The power abuse of Yang Jin-ho, an actual owner of Web hard companies and also well known as the Web hard cartel, has infuriated the public. One of the employees revealed that he forced the workers to participate in a workshop and also compelled the employees to get their hair dyed in the color that he wanted. He even assaulted a worker who wrote negative comments about him and fired an employee who washed lettuce late at the workshop. Like this, various power abuses are prevalent in our society. In response, several efforts to struggle against them have emerged, especially in the workplace and the marketplace.
The Article about ‘Prohibition against Workplace Harassment’ was enacted to counteract the power abuses that have taken place in the workplace. According to the survey conducted by the Korea Labor Institute in 2017, when the legislation was being pursued, 66.3 percent of office workers experienced harassment at work. The law was enacted by the judgment that power abuse could no longer be allowed in such a society filled with workplace harassment. ‘Workplace harassment’ is violence that uses its superiority in the relationship at the workplace, aggravating the working environment. Whether the behavior is harassment or not is determined based on several factors: the relationships between them, the situation when the incident occurred, the response of the victim, the content and extent of the behavior, the period of the action, and so on. If the victim reports such facts to the employer, the employer should investigate the case to ascertain the report. When workplace harassment is verified, appropriate measures such as a temporary break of work for the victim and disciplinary actions for the perpetrator are needed. If the company treats the victims unfavorably, the employer would face up to three years in prison or a fine. The sorts of workplace harassment organized by the Ministry of Employment and Labor are as follows: forcing employees to smoke or drink, compelling them to participate in dinner engagement, verbal abuse, insulting remarks and behaviors in front of others, excessive surveillance, and so on. According to the Ministry of Employment and Labor, 656 cases of workplace harassment were reported for 52 days starting from July.
Also, there is another effort to struggle against power abuse. In June 2019, a drunk woman assaulted a female employee by shoving and slapping her across the face several times. There are also other instances of power abuse such as sexual harassment, severe verbal assaults and so on. In response, the term ‘worker-customer balance’ emerged to pursue an equal treatment of workers and customers. This is especially a term for the protection of emotional labor.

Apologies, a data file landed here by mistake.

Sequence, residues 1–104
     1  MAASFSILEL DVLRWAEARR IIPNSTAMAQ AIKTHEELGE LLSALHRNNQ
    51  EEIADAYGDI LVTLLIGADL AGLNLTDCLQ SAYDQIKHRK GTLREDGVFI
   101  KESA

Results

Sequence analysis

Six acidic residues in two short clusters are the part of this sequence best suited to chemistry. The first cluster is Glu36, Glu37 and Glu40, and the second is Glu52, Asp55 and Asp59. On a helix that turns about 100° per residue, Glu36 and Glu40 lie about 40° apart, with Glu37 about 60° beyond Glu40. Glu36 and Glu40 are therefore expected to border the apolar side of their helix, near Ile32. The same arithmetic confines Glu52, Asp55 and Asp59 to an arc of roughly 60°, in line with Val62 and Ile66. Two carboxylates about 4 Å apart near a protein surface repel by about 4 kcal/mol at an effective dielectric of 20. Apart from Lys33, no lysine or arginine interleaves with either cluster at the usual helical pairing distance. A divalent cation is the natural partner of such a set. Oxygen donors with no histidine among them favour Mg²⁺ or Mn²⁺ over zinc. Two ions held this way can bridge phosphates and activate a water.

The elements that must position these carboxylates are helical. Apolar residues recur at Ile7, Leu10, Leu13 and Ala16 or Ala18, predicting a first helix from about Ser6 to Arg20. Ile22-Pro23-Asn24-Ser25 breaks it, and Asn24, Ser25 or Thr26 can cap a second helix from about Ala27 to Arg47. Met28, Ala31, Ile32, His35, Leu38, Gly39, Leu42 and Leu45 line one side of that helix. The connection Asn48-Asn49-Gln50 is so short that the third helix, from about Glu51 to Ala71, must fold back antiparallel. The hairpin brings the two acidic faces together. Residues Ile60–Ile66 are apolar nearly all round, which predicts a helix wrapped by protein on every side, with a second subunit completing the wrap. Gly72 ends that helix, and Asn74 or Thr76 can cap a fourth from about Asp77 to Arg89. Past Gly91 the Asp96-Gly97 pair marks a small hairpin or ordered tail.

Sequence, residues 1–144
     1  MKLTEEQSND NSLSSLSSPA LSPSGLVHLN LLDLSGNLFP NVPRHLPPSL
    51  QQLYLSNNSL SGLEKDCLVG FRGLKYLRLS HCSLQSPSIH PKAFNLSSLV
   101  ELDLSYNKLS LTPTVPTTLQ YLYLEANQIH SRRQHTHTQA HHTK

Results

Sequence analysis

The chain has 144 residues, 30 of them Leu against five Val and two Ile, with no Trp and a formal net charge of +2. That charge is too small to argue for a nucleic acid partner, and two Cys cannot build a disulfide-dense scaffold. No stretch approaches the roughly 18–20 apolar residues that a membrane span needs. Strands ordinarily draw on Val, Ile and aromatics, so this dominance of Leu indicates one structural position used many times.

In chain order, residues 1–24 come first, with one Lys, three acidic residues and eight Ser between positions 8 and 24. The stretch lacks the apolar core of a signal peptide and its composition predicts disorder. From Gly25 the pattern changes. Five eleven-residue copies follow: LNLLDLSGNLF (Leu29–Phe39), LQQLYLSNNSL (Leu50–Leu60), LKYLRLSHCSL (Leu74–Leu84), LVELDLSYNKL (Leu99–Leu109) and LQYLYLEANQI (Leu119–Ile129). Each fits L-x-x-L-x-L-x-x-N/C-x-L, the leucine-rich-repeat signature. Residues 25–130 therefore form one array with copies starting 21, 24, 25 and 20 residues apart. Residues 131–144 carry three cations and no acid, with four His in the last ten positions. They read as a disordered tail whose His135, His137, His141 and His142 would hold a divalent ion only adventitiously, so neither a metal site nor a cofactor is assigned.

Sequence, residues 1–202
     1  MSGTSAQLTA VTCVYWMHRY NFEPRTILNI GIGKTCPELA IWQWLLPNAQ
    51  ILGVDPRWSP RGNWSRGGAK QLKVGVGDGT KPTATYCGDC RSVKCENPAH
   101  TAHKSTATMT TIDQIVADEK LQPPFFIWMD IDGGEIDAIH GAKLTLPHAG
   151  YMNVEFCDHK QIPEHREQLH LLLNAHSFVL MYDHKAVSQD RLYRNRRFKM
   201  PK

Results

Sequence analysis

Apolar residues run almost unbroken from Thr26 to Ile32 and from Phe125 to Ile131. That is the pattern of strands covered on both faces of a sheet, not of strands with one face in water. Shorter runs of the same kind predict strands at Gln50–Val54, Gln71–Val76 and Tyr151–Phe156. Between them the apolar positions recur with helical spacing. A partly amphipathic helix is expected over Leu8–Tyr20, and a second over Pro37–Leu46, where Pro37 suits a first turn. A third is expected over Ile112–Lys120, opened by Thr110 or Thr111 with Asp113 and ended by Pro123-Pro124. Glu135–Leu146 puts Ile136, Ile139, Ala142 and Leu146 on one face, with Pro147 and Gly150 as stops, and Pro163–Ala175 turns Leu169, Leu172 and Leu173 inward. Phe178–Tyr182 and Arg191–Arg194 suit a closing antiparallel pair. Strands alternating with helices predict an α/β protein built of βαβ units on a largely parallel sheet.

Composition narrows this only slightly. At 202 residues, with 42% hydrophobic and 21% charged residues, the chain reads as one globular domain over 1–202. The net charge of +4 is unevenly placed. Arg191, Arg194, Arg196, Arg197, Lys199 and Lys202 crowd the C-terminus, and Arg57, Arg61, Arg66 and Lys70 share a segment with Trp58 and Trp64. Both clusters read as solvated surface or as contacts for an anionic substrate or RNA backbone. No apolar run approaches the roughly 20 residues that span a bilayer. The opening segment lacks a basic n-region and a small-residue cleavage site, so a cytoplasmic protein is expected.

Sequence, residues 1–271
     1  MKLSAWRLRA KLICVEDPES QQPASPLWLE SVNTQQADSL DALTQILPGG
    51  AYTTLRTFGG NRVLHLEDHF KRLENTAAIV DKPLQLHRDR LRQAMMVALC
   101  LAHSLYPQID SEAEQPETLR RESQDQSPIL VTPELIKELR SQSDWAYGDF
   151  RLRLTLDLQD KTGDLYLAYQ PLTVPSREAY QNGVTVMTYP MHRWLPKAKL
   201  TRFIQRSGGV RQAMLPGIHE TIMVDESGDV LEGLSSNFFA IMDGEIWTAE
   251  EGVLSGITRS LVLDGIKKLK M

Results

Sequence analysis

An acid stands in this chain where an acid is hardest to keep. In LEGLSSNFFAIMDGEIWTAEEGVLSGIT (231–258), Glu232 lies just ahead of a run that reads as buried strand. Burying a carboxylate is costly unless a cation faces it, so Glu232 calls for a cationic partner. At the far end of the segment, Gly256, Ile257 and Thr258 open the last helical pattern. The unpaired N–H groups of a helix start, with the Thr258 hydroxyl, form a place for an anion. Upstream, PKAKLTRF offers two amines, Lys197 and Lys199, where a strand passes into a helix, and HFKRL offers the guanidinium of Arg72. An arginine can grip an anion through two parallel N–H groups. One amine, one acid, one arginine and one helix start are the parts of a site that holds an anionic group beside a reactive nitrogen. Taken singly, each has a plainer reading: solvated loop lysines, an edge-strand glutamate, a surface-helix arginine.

In response to these power abuse problems by customers, the Emotional Labor Protection Act (ELPA) was enacted, in hopes of preventing emotional laborers from suffering customer harassment. With the ELPA, employers are responsible for taking preventive measures against harassment by customers. This can be done by creating a service manual about conflicts with the customer and also by putting up signs to ask customers not to mistreat the employees. When an employee is mistreated, the employer should support them with a temporary break of work, changing the workplace, extension of rest time, and offering mental treatment for issues caused by harassment. If the employer doesn’t take any action for the employees or gives disadvantages to them, the employer would pay a fine.
As such, there are many efforts against power abuse but they have some limits. In the case of the article titled ‘Prohibition against Workplace Harassment’, the standards of how to judge the authenticity of workplace bullying are ambiguous. Moon Kang-boon, head of a ‘Happy Work Labor corporation’, said, “It’s not easy to judge workplace harassment because it is largely related to emotions. If there is a conflict between the harassers and the victims, it’s difficult for companies to investigate because there is difficulty obtaining relevant evidence.” Also, as the employer is in charge of investigating and punishing harassment cases in the workplace, the employees would not report what they suffered or the punishment would not be effective. Bae Jin-suk, a lawyer at Dasol Law Firm, said, “I wonder if the company can investigate and take action properly in the situation that many of its employees keep silent with their rights due to the employers.”
In the case of the ELPA, people criticized that it is not enforceable. The employer was obliged to post a statement requesting not to make verbal assaults, but they would not be punished even if they do not follow it. Park Kyeong-su, chief of the Korean Federation of Service Worker’s Union, said, “The government seems to want employers to protect emotional workers on a moral level and as a dispensation. There is no way to do that if the employer doesn’t take action on the request for the correction from the Ministry of Employment and Labor.” Also, Lee Jeong-hun, head of Seoul Emotional Labor Center, said that the Act should be supplemented by experts and taught to people.
The enactment of a law banning workplace harassment and protecting emotionally abused workers and the emergence of terms like ‘work-customer balance’ are responses to the rampant power abuse in society. In addition, experts urge people to improve their awareness of power abuse. Seol Dong-hun, a sociology professor at Jeonbuk National University said “Nobody can be the ruler all the time. It is necessary to look back on our behaviors all the time. Also, it is important to raise questions about mechanisms that were considered customary, securing social consent that these are unreasonable.” It is time to move towards the society without any power abuses.
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